When I was a sophomore in high school, my mom’s best friend, Mrs. V, who was also my first-grade teacher and like a member of our family, revealed she had breast cancer. As a 15-year-old I couldn’t comprehend the gravity of her diagnosis until she came to see my mom after she finished her treatment. I saw how thin she was (and she was already tiny), her bald head hidden by an uncomfortable wig, and how she and my mom would talk in hushed voices contemplating what she would do if treatment didn’t work. They even booked a big trip to England and Ireland, just in case, but the treatment worked, and thankfully she’s still my mom’s best friend and she’s still a big part of our family. We even celebrated her 75th birthday and my mom’s 70th together in Paris.
When I look back, I saw her illness, but I think I failed to recognize her power. She was/is a fighter, she wasn’t going to give up easily, and despite her outward appearance, she was a warrior. It was my first experience with breast cancer. It made me very aware of the cancers that affect women. I did my first breast cancer awareness walk in college and have done many more since. I’ve worn pink ribbons, I’ve shopped “pink” during the month of October, and I’ve made countless donations for breast cancer awareness.
Yet, it never really hit me that it could happen to me until it did.
For those of you who are part of the Luminary community, some who might just read our blog, or those of you who have attended our events, we bring experts, storytellers, leaders, professionals, and founders across all industries who speak to our community. In the summer, I asked both my breast surgeon and oncologist if they would speak at a Luminary event. I naively thought they couldn’t turn me down, they’re doctors, they need to spread awareness, right? They both said no. And both said, people rarely listen to doctors, but they’ll listen to their friends, their colleagues, their family. That’s when it feels real.
In 2020, I skipped my annual gynecological appointment, which included my mammogram and breast ultrasound, because it was a ‘Covid’ year. I’m sure many did. We felt like we had a good excuse. In 2021, I skipped it because, to be honest, I didn’t prioritize my health. I was focused on keeping my company afloat, managing through a pandemic that seemed to be never-ending, and I put my health on the back-burner. Once I skipped it, it was easy to skip again. I was busy, breast cancer doesn’t run in my family, I felt fine, I absolutely hate the pain of mammograms (who doesn’t), and I told myself I’ll just do it next year for sure. You know the excuses we all use, especially if you’re over 40.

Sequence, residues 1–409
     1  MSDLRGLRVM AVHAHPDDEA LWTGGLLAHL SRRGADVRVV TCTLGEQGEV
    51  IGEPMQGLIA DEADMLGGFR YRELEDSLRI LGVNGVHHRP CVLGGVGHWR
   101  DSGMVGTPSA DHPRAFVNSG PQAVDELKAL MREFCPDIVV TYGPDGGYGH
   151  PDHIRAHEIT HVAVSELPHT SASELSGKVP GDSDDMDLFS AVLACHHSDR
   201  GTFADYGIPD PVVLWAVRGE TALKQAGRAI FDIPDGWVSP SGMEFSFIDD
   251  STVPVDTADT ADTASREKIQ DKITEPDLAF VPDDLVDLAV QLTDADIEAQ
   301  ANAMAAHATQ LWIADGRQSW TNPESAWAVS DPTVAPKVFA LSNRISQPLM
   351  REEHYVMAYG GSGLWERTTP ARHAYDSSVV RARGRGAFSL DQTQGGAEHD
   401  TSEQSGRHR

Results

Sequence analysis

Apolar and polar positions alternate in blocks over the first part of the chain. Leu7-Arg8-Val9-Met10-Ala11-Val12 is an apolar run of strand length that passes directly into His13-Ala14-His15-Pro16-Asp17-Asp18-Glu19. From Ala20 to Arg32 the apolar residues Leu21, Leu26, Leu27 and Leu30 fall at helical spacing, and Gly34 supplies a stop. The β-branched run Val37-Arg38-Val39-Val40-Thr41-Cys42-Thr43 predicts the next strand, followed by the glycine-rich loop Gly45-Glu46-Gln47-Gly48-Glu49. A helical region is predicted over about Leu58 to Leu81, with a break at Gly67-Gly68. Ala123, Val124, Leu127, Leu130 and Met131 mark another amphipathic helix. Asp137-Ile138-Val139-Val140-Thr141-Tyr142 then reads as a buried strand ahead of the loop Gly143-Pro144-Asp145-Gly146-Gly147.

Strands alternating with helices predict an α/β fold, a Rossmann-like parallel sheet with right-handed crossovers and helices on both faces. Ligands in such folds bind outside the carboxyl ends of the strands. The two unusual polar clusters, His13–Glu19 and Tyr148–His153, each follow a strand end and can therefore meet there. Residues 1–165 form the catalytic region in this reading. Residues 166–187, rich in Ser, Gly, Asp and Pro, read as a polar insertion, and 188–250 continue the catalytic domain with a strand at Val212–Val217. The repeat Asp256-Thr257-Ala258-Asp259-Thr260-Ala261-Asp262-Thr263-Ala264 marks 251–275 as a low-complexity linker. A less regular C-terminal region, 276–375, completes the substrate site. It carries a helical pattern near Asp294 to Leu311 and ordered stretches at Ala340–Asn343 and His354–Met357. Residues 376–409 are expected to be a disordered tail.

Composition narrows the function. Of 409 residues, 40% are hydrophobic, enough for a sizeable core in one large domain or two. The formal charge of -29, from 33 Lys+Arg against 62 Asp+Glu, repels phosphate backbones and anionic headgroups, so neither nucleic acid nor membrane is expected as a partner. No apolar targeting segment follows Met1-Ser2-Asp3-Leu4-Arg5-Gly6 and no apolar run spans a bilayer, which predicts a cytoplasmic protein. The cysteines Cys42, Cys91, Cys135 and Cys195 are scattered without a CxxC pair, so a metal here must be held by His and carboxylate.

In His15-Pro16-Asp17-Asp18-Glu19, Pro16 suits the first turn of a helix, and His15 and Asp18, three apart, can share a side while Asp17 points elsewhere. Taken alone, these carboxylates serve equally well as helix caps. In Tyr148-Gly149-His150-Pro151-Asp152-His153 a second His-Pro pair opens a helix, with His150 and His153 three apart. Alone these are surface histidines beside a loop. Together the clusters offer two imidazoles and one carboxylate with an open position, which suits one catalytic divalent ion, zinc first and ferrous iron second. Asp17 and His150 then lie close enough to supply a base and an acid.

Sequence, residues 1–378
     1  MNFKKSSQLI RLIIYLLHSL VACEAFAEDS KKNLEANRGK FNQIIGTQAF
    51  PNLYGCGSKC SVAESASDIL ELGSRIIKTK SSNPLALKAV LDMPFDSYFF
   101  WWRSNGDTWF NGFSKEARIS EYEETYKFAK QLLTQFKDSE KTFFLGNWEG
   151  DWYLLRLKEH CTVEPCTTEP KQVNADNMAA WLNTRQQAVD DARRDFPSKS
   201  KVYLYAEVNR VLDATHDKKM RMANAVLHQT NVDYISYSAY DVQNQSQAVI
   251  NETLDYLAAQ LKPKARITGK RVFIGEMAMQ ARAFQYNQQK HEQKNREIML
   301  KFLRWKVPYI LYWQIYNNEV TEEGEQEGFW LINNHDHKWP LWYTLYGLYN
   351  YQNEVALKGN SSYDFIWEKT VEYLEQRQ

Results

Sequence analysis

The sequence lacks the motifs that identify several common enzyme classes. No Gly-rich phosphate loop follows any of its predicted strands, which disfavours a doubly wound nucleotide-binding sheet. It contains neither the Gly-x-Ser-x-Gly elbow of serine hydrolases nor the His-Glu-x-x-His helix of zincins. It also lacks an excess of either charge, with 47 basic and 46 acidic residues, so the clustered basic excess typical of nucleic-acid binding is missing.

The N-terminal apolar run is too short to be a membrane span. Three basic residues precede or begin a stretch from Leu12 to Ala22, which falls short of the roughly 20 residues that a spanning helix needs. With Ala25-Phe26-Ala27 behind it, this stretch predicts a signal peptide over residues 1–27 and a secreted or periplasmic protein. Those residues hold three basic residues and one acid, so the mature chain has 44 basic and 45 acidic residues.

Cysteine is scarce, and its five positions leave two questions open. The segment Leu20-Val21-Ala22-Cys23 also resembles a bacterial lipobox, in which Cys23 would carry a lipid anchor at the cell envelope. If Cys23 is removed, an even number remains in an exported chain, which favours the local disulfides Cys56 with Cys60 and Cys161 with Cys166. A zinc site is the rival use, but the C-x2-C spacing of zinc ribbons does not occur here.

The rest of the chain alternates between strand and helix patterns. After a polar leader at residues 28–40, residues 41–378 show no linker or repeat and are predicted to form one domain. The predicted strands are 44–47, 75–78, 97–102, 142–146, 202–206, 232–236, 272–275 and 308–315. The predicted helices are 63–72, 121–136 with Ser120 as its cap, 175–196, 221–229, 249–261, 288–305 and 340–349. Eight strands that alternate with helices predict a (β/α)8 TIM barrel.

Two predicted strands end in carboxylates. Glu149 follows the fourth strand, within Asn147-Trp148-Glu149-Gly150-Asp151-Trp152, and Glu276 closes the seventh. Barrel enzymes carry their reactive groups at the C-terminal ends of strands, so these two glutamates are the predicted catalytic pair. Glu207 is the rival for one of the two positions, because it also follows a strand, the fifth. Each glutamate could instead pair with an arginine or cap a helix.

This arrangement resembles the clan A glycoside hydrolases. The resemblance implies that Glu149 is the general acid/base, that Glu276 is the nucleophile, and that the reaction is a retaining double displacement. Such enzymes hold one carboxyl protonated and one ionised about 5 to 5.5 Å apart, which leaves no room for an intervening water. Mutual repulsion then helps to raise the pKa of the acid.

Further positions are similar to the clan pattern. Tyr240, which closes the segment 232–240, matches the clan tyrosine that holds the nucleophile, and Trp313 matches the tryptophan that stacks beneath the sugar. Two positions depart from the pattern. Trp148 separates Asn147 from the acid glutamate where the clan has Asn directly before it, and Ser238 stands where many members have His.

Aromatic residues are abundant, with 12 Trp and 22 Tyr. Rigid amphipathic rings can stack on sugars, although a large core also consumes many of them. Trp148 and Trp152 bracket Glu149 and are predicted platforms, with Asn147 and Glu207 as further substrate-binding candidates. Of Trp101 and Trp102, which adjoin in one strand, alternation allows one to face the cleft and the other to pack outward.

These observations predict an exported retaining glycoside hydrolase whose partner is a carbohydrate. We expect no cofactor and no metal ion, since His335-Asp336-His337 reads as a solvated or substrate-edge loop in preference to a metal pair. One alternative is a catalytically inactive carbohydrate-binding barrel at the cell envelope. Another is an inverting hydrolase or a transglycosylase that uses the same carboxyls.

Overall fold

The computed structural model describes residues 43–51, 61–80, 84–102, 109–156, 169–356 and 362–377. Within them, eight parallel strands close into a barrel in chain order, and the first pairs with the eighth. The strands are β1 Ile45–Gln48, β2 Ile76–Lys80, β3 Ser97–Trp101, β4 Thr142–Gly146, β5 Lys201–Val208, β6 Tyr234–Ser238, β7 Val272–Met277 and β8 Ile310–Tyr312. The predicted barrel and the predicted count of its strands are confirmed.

In April 2022, I finally went back for my overdue mammogram/breast ultrasound, after my wonderful, if not forceful, gynecologist wouldn’t let me out of her office until I made an appointment. Two weeks, several hours of mammography imaging and a core needle biopsy later, I got the call from my radiologist that I had early-stage breast cancer. It felt surreal. I thought back to my sophomore year thinking about what Mrs. V had to go through. I beat myself up about skipping two years of doctor’s appointments. I felt guilty. The good news was that they caught it early and I have the privilege of having the means and access to some of the best doctors, treatments, and medicine right here in NYC.
It took me a while to share with a broader group of people about my diagnosis, the treatments and ongoing medication. It’s ironic how I have this incredible platform and community at Luminary, and I felt like I couldn’t use or lean on it. That I had to be the strong one, that sharing would somehow make me weaker. Well, the reason I decided to share isn’t for sympathy, it’s for awareness. I’m sharing my story, and sharing with whoever will listen so that the next time you want to skip that mammogram, ultrasound, or any doctor’s appointment for that matter, for whatever reason, don’t. I wouldn’t have found this cancer from an ultrasound or a breast exam. Mammograms exist for a reason, no matter how painful they are, they are lifesaving and preventative, as are ultrasounds.
I’m proud to say that by sharing my story, it has persuaded more than one hundred people to book their appointment, and/or call their mom/daughter/sister/wife/aunt/friend to encourage them to book their appointment. That’s why I’m sharing this. To create a call to action for whomever is reading. And not just because it’s Breast Cancer Awareness Month, but because it’s time we prioritized. So, for those of you reading this, and you had an excuse like me, or it’s just been a while, call your doctor. Make an appointment and prioritize your health.
Breast cancer is the second leading cause of cancer death in women. Only lung cancer kills more women each year. No matter your age or gender, you can help by spreading the word to your sisters, wives, mothers, aunts, godmothers, friends, and more. We’re doing just that on October 26th at Luminary with Dr. Monique Gary, Brilliantly Founder Kristen Carbone, Tiffany Dyba and ABCD Exec Director Ellen Schupper.
Please join the conversation and register here.